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REVIEW – The Red Tree (2009) by Caitlin R. Kiernan

November 15, 2010

If you listen to literary podcasts or read books such as David Shields’ Reality Hunger: Manifesto (2010) or Gabriel Josipovici’s What Ever Happened to Modernism? (2010) then the chances are that you will have gotten the impression that battle lines are being drawn between the postmodern novelists and the traditional novelists.  Great critics and defenders of the traditional novel such as James Wood are being described as the last of their kind: “The Owl of Minerva spreads its wings only with the falling of the dusk” they say…

One criticism leveled at postmodern writers is that while they may experiment with form and content, they have long-since given up the power to move us in the way that traditional novels move us.  Is there any truth to this?  Can one be too postmodern for one’s own good?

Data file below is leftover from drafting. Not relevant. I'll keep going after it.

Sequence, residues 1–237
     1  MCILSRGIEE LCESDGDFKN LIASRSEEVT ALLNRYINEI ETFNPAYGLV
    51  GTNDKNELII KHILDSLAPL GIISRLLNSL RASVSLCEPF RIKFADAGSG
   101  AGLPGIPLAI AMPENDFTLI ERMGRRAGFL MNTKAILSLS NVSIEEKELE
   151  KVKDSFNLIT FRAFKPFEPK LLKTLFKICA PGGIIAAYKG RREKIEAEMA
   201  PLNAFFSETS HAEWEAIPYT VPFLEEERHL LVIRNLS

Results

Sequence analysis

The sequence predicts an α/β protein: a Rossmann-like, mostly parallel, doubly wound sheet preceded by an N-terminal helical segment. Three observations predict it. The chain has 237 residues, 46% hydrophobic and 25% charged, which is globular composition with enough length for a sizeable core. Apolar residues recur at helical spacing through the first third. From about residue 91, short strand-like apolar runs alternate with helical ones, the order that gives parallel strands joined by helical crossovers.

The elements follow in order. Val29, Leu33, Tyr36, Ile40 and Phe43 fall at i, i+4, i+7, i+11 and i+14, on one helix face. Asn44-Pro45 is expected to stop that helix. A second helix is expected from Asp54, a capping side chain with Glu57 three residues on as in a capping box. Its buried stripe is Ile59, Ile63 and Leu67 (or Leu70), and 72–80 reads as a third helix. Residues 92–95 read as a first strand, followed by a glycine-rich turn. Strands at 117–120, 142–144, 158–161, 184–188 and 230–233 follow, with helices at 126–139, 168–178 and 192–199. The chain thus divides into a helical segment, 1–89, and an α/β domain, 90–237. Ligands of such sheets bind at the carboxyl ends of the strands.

In a recent review for THE ZONE, I looked at a Horror novel by Caitlin R. Kiernan.  The Red Tree is an intimidatingly intelligent piece of writing that takes a traditional Jamesian ghost story involving a haunted tree and shatters it into a million postmodern shards.  Kiernan tells the story of the tree through dozens of different literary devices; unreliable narrators, biased editors, short fictional commentary, fictional works of non-fiction, made-up quotations, made-up local stories and a whole avalanche of lies, half-truths and delusions.  While I adored the book and consider it to be one of the smartest works of genre I have encountered in a long while, I could not help but wonder, is The Red Tree too clever to be scary?

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